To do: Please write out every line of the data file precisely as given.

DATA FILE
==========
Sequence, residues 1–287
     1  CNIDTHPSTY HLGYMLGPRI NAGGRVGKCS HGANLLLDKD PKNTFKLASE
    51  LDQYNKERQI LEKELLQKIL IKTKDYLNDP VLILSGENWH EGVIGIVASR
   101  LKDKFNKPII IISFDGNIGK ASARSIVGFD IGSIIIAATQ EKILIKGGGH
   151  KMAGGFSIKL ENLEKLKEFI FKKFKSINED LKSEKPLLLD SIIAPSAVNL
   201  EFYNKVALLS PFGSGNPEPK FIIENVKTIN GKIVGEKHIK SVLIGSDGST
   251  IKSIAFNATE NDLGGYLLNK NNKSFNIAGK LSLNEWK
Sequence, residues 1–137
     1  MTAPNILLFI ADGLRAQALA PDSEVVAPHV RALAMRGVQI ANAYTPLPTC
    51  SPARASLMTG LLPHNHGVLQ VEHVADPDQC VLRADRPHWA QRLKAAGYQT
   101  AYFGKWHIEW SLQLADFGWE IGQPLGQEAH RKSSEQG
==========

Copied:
Sequence, residues 1–287
     1  CNIDTHPSTY HLGYMLGPRI NAGGRVGKCS HGANLLLDKD PKNTFKLASE
    51  LDQYNKERQI LEKELLQKIL IKTKDYLNDP VLILSGENWH EGVIGIVASR
   101  LKDKFNKPII IISFDGNIGK ASARSIVGFD IGSIIIAATQ EKILIKGGGH
   151  KMAGGFSIKL ENLEKLKEFI FKKFKSINED LKSEKPLLLD SIIAPSAVNL
   201  EFYNKVALLS PFGSGNPEPK FIIENVKTIN GKIVGEKHIK SVLIGSDGST
   251  IKSIAFNATE NDLGGYLLNK NNKSFNIAGK LSLNEWK
Sequence, residues 1–137
     1  MTAPNILLFI ADGLRAQALA PDSEVVAPHV RALAMRGVQI ANAYTPLPTC
    51  SPARASLMTG LLPHNHGVLQ VEHVADPDQC VLRADRPHWA QRLKAAGYQT
   101  AYFGKWHIEW SLQLADFGWE IGQPLGQEAH RKSSEQG